AbstractBackground: Rigorous research on midwife-led models of care in high-income countries show that they are effective and should be offered to most women, as they provide benefits for childbearing women and their newborns. There are few studies on midwife-led models of care in low- and middle-income countries (LMIC). A better understanding of midwife-led care (MLC) in LMICs is needed.
Aim: The overall aim was to explore how MLC is being implemented in LMICs. The three objectives were to systematically review the current evidence on midwife-led care in low- and middle-income countries, to assess the policies and health system efforts related to midwife-led care in a LMIC (Phase 1) and then to explore how midwife-led care was implemented in this country (Phase 2).
Method: First, two reviews were conducted. In Phase 1, a policy and health systems analysis in Bangladesh, was undertaken. Finally, Phase 2 was a case study in Bangladesh using an explanatory mixed methods design. In this primary study, a multistage purposeful sampling technique was used and face to face interviews and focus groups were conducted. Data analysis used a framework approach. A synthesis of all phases identified the essential elements of MLC in these contexts.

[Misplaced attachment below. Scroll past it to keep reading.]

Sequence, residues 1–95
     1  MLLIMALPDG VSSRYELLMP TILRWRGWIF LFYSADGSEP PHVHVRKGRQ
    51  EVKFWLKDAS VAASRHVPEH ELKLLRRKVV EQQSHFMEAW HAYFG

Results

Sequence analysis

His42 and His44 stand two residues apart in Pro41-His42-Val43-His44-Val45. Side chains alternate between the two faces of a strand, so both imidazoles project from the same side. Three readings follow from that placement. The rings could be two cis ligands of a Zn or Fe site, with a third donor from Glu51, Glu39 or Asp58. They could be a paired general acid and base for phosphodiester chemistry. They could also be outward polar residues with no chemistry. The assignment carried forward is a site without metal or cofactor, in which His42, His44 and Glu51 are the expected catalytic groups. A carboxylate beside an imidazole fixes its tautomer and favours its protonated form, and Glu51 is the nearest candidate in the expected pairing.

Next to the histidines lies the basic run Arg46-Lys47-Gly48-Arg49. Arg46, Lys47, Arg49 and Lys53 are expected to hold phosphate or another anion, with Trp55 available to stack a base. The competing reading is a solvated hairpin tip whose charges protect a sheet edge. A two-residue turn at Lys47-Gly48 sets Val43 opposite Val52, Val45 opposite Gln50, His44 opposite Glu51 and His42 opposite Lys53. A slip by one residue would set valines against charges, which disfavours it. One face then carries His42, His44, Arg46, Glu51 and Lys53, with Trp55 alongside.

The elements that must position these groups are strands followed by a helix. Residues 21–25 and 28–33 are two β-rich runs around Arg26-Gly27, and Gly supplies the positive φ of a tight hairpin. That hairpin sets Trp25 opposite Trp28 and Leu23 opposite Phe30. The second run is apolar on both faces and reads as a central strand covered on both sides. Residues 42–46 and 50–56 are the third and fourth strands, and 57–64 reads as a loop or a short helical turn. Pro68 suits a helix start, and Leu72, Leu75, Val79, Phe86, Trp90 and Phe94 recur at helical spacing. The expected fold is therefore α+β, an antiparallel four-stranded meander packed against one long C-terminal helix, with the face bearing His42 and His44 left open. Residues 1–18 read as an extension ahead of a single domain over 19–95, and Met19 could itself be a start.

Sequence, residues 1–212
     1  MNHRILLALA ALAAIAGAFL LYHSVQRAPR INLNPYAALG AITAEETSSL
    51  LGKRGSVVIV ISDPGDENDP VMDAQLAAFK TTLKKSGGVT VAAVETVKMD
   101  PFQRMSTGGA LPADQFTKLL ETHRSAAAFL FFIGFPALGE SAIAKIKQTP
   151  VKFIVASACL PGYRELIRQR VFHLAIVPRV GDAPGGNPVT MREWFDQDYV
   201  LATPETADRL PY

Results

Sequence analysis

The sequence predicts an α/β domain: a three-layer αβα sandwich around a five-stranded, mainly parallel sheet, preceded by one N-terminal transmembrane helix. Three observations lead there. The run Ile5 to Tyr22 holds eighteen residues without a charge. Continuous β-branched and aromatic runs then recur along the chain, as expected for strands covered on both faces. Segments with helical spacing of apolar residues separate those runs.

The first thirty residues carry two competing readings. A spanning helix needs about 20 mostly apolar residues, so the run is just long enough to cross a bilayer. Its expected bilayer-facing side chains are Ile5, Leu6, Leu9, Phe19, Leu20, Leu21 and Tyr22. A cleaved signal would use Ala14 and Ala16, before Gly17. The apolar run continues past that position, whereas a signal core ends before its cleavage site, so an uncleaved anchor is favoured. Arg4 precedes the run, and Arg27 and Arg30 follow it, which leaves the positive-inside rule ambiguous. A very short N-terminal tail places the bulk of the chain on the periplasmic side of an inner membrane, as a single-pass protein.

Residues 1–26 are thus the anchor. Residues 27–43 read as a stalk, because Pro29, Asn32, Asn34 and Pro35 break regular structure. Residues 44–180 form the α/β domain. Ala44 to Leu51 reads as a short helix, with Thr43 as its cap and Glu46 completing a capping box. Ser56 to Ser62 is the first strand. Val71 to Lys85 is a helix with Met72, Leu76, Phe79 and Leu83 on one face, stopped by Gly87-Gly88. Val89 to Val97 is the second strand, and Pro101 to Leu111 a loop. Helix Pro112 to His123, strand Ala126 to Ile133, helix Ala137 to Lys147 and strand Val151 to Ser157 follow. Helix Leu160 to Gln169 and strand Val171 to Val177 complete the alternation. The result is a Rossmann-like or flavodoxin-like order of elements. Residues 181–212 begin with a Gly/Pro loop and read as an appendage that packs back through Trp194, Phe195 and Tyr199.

Findings: The reviews showed that midwife-led care may be cost-effective, is likely to improve maternal mortality and morbidity, reduce interventions and improves quality of care, although more research is needed. MLC is provided in a variety of settings: urban and rural; in primary, secondary or tertiary facilities; in the private and public sector; in free-standing or alongside midwife-led units; and midwives work alone or in teams. Workforce shortages exist and negatively impact on the provision of MLC. Standards of education, regulation and training influence the quality of care and supportive environments are important. The policy and health systems analysis highlighted the need for leadership and resource mobilisation. The case study identified four themes in relation to the implementation of MLC in Bangladesh. These were addressing the heart and soul of MLC, empowering midwives to become leaders, structuring midwife-led care and providing care across the continuum.
Conclusion: Midwife-led care in low- and middle-income countries has potential to improve outcomes in maternal and newborn health and might be cost-effective. The implementation of midwife-led care varies and supportive systems and workforce planning are key to its success. The essential elements of MLC that were identified could be applied to similar contexts.
|Date of Award
|University of Technology Sydney & International Confederation of Midwives
|Alison McFadden (Supervisor)
- midwife-led care